CONTINUUM: The Journal of African Diaspora Drama, Theatre and Performance  ISSN 2471-2507
Volume 3 Number 2
 - February 2017

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Flip-in, Mysticism and Marriage on the Rocks
By Charles White, Harlem Playwrights 21

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John Shévin Foster’s Flip-in is a thirty-minute urban folk tale that premiered on March 31, 2016 at the HERE Arts Center in New York City as part of the Downtown Urban Arts Festival. The play is an exploration of a troubled marriage. Nia (Gillian Glasco) and Trashaun (Reginald L. Barnes), a young couple, are clearly having a hard time adjusting to each other’s needs and schedules. Each has a demanding career. Nia is a corporate executive who is under pressure to bring in clients. Trashaun is an up-and-coming music producer at a record label who is working on an album with his assistant, Keesha (Kaili Y. Turner), and young rapper, A Roc (Marco Munoz). Trashaun spends all of his time at work, and Nia suspects that Keesha is providing Trashaun with more than professional services.

Lights go up on a bedroom with a sleeping Trashaun and an agitated Nia trying to wake him up.  They are going to a birthday party given by Trashaun’s family in Philadelphia for 99-year old Great Aunt Lula. Nia is ready and knows that Trashaun’s family will blame her if they are late. Their exchange is hilarious. Trashaun wants Nia to tell his family they’ll make it next year. Nia suggests that he tell Great Aunt Lula he “hopes” she’ll be around for the party next year. Actually Trashaun is spooked about encountering Great Aunt Lula who is from the South and allegedly can “work roots”. City girl Nia thinks this means that Great Aunt Lula cooks “country vegan.” Understanding how to get Trashaun’s attention, Nia tells him that he got a call from the job. He jumps to return the call, after which a frustrated Nia lets him have it: “We’re going for days without speaking, and when we do, it’s an argument. We’re starting to have separate lives -- you’re not around for mine and you won’t let me be in yours!” Trashaun offers a weak response and, at Nia’s insistence, they make the trip.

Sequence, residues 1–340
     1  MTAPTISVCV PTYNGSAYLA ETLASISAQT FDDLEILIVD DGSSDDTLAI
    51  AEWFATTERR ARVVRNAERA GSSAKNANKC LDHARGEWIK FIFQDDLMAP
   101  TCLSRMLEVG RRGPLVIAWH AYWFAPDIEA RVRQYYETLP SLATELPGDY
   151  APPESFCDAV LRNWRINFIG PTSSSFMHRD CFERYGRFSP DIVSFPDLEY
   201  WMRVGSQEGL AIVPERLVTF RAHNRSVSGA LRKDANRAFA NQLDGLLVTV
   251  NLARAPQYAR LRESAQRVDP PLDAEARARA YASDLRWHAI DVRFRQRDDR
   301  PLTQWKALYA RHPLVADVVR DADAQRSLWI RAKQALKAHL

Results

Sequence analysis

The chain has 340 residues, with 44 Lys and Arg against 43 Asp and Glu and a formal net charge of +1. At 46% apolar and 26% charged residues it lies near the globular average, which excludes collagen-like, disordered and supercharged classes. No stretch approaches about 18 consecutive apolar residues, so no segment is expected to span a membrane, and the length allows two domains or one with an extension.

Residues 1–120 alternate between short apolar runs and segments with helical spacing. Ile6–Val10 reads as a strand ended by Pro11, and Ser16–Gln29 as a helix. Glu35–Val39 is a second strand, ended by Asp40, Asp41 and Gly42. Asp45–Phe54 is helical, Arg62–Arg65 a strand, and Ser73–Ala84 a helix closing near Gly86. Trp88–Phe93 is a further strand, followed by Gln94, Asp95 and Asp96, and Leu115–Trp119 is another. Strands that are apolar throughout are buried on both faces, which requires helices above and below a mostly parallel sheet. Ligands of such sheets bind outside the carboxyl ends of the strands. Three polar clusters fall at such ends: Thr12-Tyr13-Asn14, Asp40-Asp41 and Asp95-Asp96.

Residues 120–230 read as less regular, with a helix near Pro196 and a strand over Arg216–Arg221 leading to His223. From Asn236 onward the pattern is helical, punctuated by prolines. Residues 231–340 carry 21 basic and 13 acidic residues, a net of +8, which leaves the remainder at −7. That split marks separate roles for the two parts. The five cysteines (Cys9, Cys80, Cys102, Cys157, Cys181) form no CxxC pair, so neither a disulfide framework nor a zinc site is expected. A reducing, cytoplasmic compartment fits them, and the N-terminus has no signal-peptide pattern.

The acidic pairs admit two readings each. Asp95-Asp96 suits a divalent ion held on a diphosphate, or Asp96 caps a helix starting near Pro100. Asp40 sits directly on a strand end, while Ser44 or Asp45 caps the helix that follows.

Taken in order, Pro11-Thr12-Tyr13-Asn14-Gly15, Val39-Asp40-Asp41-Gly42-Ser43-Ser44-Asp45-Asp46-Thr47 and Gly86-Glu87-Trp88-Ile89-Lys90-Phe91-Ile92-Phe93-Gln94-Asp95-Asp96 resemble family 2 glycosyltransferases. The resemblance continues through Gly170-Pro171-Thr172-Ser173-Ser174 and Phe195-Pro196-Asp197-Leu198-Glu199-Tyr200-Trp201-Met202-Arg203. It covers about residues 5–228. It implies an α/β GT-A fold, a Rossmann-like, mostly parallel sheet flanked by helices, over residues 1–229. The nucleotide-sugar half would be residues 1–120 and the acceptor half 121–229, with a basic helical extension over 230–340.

A Roc and Keesha take the stage and go through several bars of the rap song they are working on. This foreshadowing interlude is both clever and funny. When they exit, Trashaun and Nia return from their family party and something is radically different. For the sake of the audience’s pleasure, all I will say about this change is that Great Aunt Lula has struck. However, the skills of director Jae Antoinette Broderick and the thespian expertise of Barnes and Glasco clearly communicate this change with minimal dialogue.  And by no means am I minimizing the dialogue.  Foster knows how to craft a line that moves the action forward and delivers a sharp comic punch.

Great Aunt Lula’s powers enable Trashaun and Nia to learn things about each other they never realized. Each visits the other’s place of business and has a revelation about the challenges and pressures that the other faces. Munoz and Turner, both in fine comic form, portray Nia’s business associates as well as A Roc and Keesha. Back in their bedroom, Nia and Trashaun emotionally debate a serious question: “Do we want to fix this?”

The climax is an impulsive exercise of male ego and power that frightens the troubled couple. This, of course, brings them closer together. Flip-in is a laugh-out-loud comedy with acute insight into the battle of the sexes.  Don’t miss it.